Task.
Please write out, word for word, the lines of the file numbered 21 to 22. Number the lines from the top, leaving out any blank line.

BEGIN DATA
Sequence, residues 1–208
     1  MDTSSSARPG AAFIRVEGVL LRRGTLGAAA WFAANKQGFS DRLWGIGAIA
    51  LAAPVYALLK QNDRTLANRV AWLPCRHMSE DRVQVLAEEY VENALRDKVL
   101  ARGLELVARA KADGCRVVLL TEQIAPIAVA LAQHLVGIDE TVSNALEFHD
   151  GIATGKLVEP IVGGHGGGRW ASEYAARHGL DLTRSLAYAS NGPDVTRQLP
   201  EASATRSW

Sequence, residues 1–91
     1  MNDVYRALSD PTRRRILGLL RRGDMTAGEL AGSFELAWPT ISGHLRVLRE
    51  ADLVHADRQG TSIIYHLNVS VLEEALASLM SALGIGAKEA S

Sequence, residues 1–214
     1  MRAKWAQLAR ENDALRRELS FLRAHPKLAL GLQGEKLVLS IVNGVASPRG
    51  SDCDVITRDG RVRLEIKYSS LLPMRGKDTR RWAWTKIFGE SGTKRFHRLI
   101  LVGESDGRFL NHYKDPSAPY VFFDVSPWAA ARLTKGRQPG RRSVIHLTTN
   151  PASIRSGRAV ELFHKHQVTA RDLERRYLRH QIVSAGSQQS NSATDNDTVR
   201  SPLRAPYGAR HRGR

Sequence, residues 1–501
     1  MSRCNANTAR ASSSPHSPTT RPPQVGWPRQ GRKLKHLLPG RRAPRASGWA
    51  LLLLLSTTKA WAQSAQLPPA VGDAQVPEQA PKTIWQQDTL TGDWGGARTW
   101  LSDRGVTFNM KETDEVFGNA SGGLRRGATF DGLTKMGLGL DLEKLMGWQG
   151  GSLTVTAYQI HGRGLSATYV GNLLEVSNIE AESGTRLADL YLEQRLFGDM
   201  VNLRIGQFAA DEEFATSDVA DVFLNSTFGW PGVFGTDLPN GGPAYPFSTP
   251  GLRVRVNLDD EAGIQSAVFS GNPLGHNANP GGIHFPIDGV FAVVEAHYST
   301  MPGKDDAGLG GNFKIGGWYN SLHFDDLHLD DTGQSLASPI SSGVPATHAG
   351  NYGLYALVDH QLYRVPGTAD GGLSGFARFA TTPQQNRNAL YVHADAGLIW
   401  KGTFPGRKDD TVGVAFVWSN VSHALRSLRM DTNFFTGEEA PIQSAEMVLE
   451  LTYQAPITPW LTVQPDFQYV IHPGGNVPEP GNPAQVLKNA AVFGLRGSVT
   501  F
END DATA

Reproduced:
   201  VNLRIGQFAA DEEFATSDVA DVFLNSTFGW PGVFGTDLPN GGPAYPFSTP
   251  GLRVRVNLDD EAGIQSAVFS GNPLGHNANP GGIHFPIDGV FAVVEAHYST